Many people have visited the Chicago Botanical Garden located in toney Glencoe. Covering 385 acres, the facility features a Japanese garden, an English garden, a rose garden, a collection of Bonsai trees, indoor gardens, a horticultural library, indoor and outdoor dining facilities, nature pathways, lily ponds, a waterfall, a miniature train, and many activities.
I suspect fewer people have visited the Garfield Park Conservatory, which is located in a rundown neighborhood on Chicago’s westside. It drew lots of attention in 2002 when it hosted glass sculptures created by master glassblower Dale Chihuly, but most people I have spoken with have either never been or have been only once.
I headed out to Garfield Park this afternoon, taking the Green Line “L” from downtown (Clinton Street station). It is a ten to fifteen minute trip, with about seven or eight stops. I arrived at the Conservatory’s dedicated subway stop, and walked one block to the front door. Much of the facility is located in indoor greenhouses, which include the Palm House, Fern Room, Desert House, Aroid House, and the Show House. There are also 12 acres of outdoor gardens, which include a lily pond, a sensory garden, and some gently rolling fields that appear to have been returned to their natural state.
In the 1870s, Chicagoans were enamored with conservatories. Three were built on the Chicago’s westside in Humboldt, Douglas and Garfield Parks, but after two decades, they fell into disrepair. All were demolished in 1905, to be replaced by “the largest publicly owned conservatory under one roof in the world,” which located in Garfield Park.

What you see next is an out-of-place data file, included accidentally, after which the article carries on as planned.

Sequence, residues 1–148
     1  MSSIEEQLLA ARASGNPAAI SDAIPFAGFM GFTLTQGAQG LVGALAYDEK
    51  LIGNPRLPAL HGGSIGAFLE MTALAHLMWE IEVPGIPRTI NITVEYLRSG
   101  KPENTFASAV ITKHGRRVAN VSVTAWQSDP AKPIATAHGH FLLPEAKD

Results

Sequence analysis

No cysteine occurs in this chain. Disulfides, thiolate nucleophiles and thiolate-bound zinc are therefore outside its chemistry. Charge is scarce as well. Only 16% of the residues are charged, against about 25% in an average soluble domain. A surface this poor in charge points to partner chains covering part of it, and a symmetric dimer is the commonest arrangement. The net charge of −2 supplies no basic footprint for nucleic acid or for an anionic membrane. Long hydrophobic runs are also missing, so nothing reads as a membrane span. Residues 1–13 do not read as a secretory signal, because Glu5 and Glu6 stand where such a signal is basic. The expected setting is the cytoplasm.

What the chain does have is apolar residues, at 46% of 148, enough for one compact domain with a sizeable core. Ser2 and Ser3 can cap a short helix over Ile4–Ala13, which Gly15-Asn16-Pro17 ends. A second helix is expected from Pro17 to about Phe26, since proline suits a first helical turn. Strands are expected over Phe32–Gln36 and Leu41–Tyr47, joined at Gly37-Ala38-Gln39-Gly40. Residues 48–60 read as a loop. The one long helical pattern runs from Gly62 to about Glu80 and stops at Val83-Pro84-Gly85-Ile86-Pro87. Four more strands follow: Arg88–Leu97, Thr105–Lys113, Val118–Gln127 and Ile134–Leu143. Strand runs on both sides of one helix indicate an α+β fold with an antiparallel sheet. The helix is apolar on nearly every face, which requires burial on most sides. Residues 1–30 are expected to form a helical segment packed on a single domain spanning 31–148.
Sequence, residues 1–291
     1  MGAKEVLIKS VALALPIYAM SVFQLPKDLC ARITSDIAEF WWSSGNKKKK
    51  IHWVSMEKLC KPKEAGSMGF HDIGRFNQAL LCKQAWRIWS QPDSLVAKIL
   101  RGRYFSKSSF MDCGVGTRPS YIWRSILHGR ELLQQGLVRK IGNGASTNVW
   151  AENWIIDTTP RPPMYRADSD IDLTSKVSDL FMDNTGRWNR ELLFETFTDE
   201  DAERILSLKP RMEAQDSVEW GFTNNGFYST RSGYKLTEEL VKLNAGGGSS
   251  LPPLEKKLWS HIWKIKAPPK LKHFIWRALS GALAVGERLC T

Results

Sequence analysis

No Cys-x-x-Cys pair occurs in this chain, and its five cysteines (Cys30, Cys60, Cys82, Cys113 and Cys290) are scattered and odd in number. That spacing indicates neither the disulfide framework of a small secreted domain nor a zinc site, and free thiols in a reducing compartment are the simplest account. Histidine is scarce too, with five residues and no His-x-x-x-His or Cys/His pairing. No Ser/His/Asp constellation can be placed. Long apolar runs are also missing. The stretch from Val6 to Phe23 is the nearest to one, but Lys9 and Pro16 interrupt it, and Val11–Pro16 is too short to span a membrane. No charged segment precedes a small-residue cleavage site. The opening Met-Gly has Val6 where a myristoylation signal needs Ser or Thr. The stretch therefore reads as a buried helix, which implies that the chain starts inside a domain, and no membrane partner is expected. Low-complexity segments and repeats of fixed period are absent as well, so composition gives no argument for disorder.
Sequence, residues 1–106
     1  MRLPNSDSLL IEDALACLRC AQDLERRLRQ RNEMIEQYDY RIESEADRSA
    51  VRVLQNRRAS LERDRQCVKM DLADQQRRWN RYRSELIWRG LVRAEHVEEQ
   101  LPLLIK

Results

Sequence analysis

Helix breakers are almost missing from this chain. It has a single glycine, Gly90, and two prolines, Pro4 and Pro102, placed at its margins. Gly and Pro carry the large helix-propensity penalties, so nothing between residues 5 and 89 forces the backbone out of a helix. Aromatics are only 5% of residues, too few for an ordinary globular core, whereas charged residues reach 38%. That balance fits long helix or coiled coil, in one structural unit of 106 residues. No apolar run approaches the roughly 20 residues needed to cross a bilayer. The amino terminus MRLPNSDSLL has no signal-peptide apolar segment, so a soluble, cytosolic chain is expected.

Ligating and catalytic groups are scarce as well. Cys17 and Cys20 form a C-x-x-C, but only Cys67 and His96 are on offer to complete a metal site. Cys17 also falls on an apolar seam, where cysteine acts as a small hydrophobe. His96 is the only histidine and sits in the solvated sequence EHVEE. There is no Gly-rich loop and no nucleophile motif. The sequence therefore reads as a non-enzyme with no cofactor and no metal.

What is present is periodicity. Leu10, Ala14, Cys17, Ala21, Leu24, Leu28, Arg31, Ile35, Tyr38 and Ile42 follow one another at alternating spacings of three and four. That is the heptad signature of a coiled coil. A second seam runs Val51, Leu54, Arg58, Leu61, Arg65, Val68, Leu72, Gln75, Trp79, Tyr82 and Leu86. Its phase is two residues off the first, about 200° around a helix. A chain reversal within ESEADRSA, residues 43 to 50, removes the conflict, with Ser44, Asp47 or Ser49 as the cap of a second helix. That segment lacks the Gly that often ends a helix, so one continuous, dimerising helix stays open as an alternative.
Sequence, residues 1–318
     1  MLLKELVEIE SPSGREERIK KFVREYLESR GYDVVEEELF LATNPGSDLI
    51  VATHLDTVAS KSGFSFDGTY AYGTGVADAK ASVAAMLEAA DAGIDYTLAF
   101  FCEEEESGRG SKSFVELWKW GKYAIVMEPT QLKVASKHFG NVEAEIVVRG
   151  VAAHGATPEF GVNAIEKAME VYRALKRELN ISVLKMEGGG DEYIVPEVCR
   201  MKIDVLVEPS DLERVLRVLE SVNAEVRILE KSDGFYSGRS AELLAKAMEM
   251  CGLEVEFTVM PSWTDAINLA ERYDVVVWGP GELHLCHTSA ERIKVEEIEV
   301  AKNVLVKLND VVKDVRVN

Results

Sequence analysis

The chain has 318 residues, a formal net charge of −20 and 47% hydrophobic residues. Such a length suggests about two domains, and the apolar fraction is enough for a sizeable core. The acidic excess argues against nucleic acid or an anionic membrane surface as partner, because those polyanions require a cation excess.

That same year, Jens Jensen, who was the West Park Commission’s general superintend and chief landscape architect, began work. During the next two years, Jensen worked with Schmidt, Darden and Martin, a Prairie School architectural firm, and Hitchings and Company, a New York-based engineering firm, to design and build what we now know as the Garfield Park Conservatory. The result is an intentionally haystack-shaped glass structure housing multiple spaces, with each space devoted to a different climate or type of plant.
It is a lovely facility. Unlike its big brother in Glencoe, it does not suffer from overcrowding. I encountered the occasional passerby as I walked in the outdoor gardens, but much of the time, there was no one in sight.
I haven’t checked the Form 990s or the Conservatory’s budget, but I suspect it receives nowhere near the private philanthropic support as does the Chicago Botanical Garden. While the main attraction—the flowers and plants—are excellent, the Conservatory lacks some of the basic amenities that people have come to expect when visiting museums, garden space, and other public cultural or recreational facilities. There is a meager gift shop that also sells ice cream confections, cold drinks from a refrigerator, candy, and chips. The restroom facilities are clean, but rather worn-down. The lobby is poorly lit and spartan.
Despite those shortcomings, the Conservatory is well worth a visit. I will be back in the winter with a macro lens.
[Click on an Image to Enlarge It]
Garfield Park Conservatory “L” Stop”
Lily Pads (Infrared)
Lily Pond (Infrared)
Commentary Along an Indoor Pathway
An Indoor Waterfall
Woman and Bull (from the World’s Columbian Exposition of 1893)
Dale Chihuly Sculptures (Persian Lilies) in an Indoor Pond
Koi Swimming in a Pond
View from the Prairie Fields Toward an Adjacent Plant I
View from the Prairie Fields Toward an Adjacent Plant II
Honoring the Jens Jensen, the Landscape Architect Who Designed the Interior Gardens and Houses